The waters of the ancient Nile were full of fish,
certain species of which came to be worshipped
as gods because it was believed that they could
suppress evil. In the town of Oxyrhynchus in
Upper Egypt, the curve-nosed mormyrus fish
was the center of a large cult that eventually
spread throughout the land. According to
Egyptian mythology, the sacred fish figured
prominently in the resurrection of the god Osiris.
This was one of the primary reasons for its
deification. In this splendid sculpture, the fish
god is shown crowned by the cow horns of
Hathor, the sun disc of Ra and the cobra uraeus.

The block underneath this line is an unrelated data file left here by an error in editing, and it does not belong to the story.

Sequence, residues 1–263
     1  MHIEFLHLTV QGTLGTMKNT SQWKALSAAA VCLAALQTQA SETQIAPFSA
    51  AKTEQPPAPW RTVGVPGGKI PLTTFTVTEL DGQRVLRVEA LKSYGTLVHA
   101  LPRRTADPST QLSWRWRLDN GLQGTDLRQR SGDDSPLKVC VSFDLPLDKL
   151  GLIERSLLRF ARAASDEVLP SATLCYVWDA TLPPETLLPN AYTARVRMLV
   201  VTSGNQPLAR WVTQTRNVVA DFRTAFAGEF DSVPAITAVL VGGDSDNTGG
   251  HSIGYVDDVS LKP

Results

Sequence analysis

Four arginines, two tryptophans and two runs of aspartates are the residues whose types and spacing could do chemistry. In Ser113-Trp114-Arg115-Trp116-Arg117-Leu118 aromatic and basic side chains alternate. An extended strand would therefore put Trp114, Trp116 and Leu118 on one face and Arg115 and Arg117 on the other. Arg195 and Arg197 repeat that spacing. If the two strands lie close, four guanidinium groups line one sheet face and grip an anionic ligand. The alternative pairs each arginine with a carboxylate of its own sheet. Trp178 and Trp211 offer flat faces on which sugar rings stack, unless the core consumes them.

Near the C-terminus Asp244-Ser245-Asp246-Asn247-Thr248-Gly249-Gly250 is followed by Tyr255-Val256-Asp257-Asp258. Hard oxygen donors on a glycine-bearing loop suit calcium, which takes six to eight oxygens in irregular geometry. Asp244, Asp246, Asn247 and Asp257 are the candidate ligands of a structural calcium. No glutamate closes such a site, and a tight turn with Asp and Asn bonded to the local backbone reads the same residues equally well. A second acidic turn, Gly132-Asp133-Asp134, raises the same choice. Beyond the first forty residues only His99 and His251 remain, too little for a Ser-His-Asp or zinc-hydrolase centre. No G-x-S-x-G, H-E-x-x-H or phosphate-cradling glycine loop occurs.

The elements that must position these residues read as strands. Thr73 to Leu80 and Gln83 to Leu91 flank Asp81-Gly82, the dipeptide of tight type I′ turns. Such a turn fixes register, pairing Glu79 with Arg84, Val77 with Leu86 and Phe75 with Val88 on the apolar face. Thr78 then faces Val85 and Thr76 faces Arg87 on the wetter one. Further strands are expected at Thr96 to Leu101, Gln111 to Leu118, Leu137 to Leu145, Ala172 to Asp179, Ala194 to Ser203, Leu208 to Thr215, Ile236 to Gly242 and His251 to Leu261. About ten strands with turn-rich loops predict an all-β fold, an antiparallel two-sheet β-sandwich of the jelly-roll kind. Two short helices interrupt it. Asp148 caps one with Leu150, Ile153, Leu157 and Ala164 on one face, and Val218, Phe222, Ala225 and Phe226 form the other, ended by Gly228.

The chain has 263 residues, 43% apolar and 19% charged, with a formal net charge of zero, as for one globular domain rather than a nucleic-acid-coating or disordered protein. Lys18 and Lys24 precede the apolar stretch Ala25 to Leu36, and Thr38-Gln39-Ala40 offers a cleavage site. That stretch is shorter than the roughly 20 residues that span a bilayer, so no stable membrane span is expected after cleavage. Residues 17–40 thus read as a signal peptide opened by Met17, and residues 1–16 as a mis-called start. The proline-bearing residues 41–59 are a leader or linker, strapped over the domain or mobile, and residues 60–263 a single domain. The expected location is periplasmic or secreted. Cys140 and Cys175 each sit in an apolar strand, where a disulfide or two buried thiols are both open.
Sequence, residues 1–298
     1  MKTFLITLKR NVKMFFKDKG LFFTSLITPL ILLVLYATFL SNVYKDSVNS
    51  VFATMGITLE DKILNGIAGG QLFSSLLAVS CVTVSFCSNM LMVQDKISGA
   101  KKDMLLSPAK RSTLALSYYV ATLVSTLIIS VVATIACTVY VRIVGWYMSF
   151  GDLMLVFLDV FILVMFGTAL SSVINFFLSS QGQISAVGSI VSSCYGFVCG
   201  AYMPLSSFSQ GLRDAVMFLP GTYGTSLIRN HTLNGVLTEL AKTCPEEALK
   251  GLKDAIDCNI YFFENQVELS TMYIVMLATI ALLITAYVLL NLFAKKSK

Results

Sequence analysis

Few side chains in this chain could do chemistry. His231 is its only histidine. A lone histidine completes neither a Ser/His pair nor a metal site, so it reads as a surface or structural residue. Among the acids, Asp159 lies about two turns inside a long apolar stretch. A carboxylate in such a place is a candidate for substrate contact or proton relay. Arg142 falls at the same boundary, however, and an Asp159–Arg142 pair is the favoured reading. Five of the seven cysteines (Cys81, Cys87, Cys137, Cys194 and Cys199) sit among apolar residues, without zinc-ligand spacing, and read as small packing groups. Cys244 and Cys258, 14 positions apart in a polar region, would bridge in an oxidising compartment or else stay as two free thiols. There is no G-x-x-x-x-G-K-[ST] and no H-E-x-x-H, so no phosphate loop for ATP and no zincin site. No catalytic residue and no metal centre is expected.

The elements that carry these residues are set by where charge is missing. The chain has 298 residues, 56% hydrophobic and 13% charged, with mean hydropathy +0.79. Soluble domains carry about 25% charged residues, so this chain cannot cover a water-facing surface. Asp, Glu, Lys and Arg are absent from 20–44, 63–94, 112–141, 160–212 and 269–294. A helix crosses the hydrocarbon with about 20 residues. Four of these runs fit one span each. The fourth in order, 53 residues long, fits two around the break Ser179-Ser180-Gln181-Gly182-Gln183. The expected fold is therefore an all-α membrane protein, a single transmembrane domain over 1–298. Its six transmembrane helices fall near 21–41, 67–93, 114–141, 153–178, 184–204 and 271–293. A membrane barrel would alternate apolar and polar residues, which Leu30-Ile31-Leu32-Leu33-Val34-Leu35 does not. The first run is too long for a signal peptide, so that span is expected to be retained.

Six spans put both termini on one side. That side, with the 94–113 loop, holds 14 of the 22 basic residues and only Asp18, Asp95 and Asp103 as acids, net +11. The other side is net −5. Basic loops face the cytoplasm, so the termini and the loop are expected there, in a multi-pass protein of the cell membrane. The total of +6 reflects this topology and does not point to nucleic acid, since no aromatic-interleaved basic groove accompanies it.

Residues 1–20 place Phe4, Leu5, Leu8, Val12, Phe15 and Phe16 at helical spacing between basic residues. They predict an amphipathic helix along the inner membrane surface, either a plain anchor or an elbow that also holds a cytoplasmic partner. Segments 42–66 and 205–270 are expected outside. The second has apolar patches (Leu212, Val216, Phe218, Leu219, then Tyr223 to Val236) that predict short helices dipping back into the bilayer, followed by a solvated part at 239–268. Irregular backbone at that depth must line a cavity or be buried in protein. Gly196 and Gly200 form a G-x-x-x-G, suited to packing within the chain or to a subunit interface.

The cow horns of Hathor are quite fitting
considering that the fish was sacred to this
goddess. He rests regally atop a square base
that reinforces his divine status. The attention to
detail is impressive; the eyes, gills, and fins have
all been carefully incised. We sense intuitively
his divine status, and that his kingdom is the
cosmic rather than the earthly river.